What a week of drama and upset! For all the drama in the football, the political and global economic side were even more dramatic – at least from an investment managers’ point of view.
We had suggested last week that the UK government may experience some staffing changes, even when it looked like Theresa May had finally managed to rally her cabinet behind a more economically pragmatic Brexit course. In the overseas press, the resignations of Davis and Johnson over the weekend and Monday were therefore seen as a major setback to May’s leadership. But in the UK, it appeared to be interpreted more as a chance for stabilisation and at long last the possibility of beginning negotiations with the EU rather than having them primarily in the cabinet.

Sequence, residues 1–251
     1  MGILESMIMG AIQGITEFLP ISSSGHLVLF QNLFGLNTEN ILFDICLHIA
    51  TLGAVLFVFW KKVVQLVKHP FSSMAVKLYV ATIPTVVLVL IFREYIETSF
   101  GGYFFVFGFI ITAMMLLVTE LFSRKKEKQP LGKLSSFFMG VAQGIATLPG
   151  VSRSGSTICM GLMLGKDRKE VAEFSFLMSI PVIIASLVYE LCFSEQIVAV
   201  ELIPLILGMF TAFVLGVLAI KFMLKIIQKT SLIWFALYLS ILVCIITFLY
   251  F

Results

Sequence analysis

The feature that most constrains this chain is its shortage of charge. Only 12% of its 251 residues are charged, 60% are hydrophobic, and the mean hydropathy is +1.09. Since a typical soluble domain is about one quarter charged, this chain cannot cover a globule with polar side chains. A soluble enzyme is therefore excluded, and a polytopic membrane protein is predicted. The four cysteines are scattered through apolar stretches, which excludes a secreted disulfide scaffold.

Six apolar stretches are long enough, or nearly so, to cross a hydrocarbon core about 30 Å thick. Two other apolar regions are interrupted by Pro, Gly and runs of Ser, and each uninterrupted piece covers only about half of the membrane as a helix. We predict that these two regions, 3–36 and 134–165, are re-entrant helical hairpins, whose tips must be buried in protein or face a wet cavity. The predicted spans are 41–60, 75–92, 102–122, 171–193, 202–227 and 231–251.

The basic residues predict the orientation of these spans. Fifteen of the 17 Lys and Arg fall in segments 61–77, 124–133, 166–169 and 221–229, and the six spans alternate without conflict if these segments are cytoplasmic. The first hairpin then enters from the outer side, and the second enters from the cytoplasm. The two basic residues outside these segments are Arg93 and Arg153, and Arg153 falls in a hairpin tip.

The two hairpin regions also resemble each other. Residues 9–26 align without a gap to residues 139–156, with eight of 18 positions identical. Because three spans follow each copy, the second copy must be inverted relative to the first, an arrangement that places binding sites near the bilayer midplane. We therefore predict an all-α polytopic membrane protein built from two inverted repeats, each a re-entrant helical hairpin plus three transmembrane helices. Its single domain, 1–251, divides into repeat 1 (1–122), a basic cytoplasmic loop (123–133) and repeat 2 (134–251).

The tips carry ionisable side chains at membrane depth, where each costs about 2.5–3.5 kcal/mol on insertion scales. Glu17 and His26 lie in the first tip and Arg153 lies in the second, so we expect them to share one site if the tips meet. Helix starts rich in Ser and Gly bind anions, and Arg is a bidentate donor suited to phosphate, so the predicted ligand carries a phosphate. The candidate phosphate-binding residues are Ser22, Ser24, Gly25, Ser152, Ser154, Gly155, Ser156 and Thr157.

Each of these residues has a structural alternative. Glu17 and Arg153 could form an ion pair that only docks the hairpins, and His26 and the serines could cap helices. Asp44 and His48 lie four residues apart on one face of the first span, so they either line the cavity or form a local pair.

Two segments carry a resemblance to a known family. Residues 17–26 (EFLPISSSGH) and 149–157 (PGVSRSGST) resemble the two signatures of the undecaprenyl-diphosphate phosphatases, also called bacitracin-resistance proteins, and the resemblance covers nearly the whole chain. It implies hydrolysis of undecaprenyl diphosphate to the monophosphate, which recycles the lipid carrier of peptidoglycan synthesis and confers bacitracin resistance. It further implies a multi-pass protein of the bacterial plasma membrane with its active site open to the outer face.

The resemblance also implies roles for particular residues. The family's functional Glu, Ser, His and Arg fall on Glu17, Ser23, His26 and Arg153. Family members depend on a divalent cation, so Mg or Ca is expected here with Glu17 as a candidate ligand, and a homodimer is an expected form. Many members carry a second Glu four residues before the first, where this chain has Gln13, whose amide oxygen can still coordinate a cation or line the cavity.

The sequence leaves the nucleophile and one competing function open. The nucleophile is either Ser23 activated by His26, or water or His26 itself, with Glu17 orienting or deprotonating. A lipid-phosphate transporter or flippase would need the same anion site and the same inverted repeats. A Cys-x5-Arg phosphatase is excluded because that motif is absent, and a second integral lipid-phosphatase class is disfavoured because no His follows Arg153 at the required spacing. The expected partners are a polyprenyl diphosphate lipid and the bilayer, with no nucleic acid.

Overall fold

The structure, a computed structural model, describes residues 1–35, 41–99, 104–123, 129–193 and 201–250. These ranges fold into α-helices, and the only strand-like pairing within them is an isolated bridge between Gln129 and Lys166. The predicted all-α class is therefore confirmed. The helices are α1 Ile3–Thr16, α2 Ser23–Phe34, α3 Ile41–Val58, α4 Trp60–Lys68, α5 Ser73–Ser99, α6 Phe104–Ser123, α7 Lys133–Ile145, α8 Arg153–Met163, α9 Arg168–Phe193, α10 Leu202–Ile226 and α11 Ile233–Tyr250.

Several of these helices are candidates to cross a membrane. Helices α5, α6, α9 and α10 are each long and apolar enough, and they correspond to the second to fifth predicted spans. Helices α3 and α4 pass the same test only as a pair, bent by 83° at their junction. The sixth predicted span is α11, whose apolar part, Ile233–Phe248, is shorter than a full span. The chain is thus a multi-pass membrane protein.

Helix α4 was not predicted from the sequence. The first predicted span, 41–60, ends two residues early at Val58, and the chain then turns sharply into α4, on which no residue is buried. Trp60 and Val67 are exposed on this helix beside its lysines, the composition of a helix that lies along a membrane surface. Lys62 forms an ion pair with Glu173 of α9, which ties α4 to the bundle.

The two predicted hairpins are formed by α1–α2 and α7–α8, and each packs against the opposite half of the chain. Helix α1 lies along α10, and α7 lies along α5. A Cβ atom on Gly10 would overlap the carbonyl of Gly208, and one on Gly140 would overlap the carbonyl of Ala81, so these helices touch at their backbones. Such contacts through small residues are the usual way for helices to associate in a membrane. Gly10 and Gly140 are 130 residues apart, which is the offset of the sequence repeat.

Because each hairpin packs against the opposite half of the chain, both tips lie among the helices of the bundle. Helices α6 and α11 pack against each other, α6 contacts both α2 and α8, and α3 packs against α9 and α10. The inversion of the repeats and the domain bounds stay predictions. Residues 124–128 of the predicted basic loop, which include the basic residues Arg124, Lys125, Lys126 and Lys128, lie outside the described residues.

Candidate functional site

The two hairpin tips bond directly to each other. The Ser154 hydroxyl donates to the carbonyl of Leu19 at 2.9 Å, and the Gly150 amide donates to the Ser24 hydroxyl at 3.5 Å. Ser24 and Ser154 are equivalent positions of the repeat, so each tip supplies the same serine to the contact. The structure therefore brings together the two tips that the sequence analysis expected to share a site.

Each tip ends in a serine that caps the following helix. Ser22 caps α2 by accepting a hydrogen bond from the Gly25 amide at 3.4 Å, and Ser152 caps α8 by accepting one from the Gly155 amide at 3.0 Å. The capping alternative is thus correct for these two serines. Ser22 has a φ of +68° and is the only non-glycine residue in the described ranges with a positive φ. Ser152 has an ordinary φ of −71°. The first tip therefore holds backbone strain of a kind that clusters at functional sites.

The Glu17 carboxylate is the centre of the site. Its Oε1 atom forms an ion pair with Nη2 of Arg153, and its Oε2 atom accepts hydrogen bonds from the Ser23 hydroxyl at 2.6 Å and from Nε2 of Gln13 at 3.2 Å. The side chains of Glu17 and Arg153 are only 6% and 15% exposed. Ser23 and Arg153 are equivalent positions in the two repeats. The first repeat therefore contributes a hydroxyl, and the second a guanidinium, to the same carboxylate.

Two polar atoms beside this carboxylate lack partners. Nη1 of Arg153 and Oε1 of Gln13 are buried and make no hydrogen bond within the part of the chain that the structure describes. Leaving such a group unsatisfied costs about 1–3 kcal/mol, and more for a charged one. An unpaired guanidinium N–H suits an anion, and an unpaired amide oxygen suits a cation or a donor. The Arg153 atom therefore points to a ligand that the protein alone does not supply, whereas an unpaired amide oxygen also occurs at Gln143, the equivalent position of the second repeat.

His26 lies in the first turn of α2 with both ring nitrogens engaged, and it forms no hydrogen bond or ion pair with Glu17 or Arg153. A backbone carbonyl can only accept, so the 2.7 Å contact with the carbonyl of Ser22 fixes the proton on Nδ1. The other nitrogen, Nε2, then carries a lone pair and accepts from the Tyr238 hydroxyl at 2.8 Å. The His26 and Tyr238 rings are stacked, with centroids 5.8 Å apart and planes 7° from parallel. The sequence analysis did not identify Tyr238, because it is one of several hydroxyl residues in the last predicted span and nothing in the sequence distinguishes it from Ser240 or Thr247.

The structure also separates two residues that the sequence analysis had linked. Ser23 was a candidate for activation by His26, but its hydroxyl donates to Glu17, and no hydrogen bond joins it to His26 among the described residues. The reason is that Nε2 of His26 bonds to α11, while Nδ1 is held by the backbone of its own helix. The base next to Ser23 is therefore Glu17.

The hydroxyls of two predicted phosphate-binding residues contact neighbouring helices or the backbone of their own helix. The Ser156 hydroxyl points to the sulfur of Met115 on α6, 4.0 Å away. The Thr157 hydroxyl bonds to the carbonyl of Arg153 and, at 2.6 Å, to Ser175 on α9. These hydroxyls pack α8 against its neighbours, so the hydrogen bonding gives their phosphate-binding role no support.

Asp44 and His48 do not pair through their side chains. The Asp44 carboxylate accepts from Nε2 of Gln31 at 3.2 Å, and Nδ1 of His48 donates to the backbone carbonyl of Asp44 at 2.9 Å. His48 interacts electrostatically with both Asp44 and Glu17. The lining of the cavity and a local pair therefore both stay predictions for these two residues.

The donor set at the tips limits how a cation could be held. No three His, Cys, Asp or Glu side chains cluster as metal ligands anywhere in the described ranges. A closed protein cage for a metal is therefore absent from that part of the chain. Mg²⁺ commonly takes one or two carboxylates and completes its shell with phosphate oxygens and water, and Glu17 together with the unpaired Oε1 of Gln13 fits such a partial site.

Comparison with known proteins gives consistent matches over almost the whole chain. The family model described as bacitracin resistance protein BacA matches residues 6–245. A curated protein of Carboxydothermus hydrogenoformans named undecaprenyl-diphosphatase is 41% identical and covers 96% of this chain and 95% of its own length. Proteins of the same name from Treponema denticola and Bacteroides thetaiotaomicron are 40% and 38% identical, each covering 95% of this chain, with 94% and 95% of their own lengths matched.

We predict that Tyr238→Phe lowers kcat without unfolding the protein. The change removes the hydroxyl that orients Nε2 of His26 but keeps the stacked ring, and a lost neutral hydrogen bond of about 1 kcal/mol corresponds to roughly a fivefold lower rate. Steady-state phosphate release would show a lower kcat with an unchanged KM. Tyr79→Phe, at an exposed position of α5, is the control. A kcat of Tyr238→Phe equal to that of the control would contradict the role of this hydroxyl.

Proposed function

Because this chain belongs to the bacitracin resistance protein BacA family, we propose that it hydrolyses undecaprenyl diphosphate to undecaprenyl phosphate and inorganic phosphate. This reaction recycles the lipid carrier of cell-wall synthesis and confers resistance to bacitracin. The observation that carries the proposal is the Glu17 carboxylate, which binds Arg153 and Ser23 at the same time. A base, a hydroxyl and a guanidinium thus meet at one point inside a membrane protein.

Together with the publication of the government’s white paper / plan for the UK’s Brexit, it now seems almost inevitable that there will not be a substantial break away from the EU when Brexit formally occurs in March 2019. Instead, and as we have now predicted for a while on these pages, it will be a rather soft affair initially, with everything else being developed, negotiated and executed over many years thereafter.